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[Updated July 2019]
When we first brought home our Golden Retriever puppy Ellie, she had a very black nose. Over time and especially after her first winter her nose started to turn lighter. Now at age 3, her nose is pink, and it hasn’t changed back.
What is Golden Retriever Snow Nose, and what causes it? The term “snow nose” is a common condition that not only affects Golden Retrievers but also Labradors, Siberian Huskies, and other breeds that have a white or light coloured coat.
It happens when a dog’s dark nose loses pigment and becomes lighter. A dark nose can turn brown or pink.
Snow nose occurs in the winter months when there is a loss of sunlight and is sometimes called “winter nose”.
No Snow Needed For Snow Nose
Snow nose doesn’t occur because of the snow, but it gets the name snow nose or winter nose because the nose loses its colour pigmentation when the daylight hours are shorter in the winter months.
Some dogs noses will return to their darker colour in the summer months, but some dogs as they get older will keep their light coloured noses all year round.
The term snow nose doesn’t just affect dogs living in cold climates, but it has also been reported to affect dogs living in warmer climates as well.
Should I Be Concerned?
The temporary loss of pigmentation on the nose is a cosmetic issue that does not harm your dog and there is no need to be concerned.
As your dog ages, the colour change can become permanent, the nose will still be healthy but just lighter than before.
Snow nose is not a health concern, but if you notice any changes in your dog’s nose such as crusts, sores, discharge, sneezing or wheezing, you should consult your vet.
A loss of pigmentation in the nose can also be caused by an underlying thyroid condition, and you will want to consult your vet to get thyroid levels tested.
Another cause of pigment loss in your dog’s nose could be from contact dermatitis. Some dogs have a sensitivity to plastic, and continued exposure to it will lighten their nose. If you use a plastic food and water bowl, it is best to switch to stainless steel or ceramic bowls.
Making the switch to stainless steel or ceramic bowls will also be more hygienic because plastic harbours bacteria when it gets scratched.
Can Snow Nose Be Treated Or Prevented?
There is nothing that can be done to prevent or treat snow nose. As mentioned above, the loss of pigmentation in the nose can be a temporary seasonal thing for some dogs, and for other dogs, it can be permanent all year round.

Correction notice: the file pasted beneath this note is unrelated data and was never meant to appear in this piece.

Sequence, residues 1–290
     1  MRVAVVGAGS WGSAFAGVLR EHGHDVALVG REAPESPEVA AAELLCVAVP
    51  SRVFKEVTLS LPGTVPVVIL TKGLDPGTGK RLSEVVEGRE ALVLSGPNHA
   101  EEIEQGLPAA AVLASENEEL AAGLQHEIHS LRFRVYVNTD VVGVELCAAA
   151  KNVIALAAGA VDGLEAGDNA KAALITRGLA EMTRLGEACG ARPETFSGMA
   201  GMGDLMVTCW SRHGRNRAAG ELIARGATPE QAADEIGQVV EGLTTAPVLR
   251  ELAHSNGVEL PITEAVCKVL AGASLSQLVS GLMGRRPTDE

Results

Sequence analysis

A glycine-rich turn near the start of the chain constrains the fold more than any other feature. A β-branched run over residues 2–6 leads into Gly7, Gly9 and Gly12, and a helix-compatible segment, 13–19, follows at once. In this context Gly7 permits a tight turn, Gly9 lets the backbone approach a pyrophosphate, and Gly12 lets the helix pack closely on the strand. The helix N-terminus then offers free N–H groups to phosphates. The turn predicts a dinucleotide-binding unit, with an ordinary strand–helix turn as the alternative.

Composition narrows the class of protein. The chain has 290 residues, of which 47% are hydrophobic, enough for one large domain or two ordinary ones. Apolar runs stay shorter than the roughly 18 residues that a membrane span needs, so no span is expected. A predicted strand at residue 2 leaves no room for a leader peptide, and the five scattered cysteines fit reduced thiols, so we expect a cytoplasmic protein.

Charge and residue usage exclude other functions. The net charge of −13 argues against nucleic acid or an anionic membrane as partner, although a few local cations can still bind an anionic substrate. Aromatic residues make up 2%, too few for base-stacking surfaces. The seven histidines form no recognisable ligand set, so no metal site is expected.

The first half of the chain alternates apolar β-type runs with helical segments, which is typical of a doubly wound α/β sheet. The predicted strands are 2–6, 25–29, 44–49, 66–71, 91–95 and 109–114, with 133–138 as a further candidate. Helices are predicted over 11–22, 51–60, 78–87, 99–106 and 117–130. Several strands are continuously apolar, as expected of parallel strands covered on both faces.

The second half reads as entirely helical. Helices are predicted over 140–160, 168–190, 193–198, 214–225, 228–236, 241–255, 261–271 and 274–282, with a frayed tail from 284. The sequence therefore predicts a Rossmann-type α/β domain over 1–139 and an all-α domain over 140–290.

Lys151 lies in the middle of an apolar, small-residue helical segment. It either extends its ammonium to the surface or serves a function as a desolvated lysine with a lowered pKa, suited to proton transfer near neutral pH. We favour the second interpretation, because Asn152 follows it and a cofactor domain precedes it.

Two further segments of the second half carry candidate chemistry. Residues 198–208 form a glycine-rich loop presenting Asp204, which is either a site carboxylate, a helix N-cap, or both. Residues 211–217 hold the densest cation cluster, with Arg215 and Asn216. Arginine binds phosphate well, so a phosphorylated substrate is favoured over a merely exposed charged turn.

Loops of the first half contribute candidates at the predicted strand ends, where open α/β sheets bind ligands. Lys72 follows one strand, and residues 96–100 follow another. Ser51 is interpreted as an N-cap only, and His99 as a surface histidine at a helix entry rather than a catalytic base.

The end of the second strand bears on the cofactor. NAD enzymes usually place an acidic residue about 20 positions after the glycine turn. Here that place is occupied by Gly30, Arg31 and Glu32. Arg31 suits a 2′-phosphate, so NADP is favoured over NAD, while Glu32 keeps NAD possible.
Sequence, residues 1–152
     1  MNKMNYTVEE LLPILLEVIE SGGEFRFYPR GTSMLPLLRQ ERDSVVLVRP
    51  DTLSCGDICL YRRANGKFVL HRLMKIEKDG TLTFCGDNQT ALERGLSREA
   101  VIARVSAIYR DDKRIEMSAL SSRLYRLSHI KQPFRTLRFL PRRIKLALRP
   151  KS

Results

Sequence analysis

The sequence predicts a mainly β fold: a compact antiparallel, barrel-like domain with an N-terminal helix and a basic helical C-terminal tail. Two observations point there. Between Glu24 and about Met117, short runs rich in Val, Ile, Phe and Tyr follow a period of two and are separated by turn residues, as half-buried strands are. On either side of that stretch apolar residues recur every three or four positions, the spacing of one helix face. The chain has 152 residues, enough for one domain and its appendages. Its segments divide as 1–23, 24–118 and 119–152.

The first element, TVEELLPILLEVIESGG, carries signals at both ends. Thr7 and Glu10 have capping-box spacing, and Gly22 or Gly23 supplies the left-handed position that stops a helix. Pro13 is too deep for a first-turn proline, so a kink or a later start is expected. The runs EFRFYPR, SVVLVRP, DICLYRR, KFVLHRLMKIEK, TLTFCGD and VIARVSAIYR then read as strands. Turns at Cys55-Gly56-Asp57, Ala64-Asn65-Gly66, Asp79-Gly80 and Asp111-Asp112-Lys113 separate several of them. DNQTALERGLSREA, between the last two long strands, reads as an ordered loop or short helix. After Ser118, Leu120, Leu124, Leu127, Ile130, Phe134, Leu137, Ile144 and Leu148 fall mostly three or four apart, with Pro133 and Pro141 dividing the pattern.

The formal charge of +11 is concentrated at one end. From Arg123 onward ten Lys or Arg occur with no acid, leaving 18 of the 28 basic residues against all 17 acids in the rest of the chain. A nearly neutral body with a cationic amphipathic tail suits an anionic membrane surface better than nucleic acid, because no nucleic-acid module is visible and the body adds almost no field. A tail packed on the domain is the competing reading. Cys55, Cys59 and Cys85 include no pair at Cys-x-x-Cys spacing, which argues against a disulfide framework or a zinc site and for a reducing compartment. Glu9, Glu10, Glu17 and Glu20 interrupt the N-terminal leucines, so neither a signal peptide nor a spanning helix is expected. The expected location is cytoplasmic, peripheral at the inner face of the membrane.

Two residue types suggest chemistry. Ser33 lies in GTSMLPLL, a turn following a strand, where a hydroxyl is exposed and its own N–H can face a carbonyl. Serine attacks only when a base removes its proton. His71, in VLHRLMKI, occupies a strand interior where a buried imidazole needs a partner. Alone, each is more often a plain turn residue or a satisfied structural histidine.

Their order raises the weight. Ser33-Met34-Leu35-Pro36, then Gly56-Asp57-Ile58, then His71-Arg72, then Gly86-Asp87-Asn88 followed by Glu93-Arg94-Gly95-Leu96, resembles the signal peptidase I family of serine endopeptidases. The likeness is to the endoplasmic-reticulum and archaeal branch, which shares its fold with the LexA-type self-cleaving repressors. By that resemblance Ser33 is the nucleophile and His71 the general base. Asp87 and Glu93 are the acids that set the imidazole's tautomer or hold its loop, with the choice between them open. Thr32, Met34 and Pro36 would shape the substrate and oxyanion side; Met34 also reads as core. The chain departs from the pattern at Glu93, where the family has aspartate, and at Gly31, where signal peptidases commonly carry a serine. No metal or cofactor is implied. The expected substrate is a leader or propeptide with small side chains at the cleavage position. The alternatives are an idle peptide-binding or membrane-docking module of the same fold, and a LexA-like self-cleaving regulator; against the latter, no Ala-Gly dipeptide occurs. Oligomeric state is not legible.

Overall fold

Snow nose does not cause any harm to your dog, nor is it associated with disease. It is a cosmetic issue, and there really isn’t a lot of knowledge as to why it happens to some dogs and not to others.
Take Care Of Your Dog’s Pink Nose
If your dog has a naturally pink nose, or it has turned pink temporarily, or permanently, you will need to protect your dog from sunburn.
Just like humans with fair skin, dogs with pink noses are at risk for sunburn and need to be protected from the sun.
A great way to protect your dog’s nose from getting sunburned is by applying a natural moisturizing sun protection balm. The one I recommend is from Snout Magic.
Snout Magic is a 100% natural and organic soothing balm, that contains ingredients like Shea Butter, Coconut Oil, Olive Oil, and Cocoa Seed Butter.
There is no need to worry if your dog licks it off. It is all natural and will not harm your dog, as long as you continue to apply the balm it will offer protection.
Snout Magic is also great for dogs who suffer from dry cracked noses. It prevents windburn, heals rashes and skin irritations, and helps with many other nose conditions.
It is great for you too if you suffer from chapped lips and dry skin.
If you have a dog whose dark nose has faded to pink during the winter months, then rest assured it is snow nose, and it is not harmful to your dog.
However, if your dog has other changes occurring in his nose such as sores or any discharge it is best to consult your vet.
Remember to take special care of your dog’s pink nose as it will sunburn easily.
What About You?
Have you noticed your Golden Retriever’s nose turning pink? Did your dog’s nose return to black in the summer?
Share your thoughts and comments below, I would love to hear from you.
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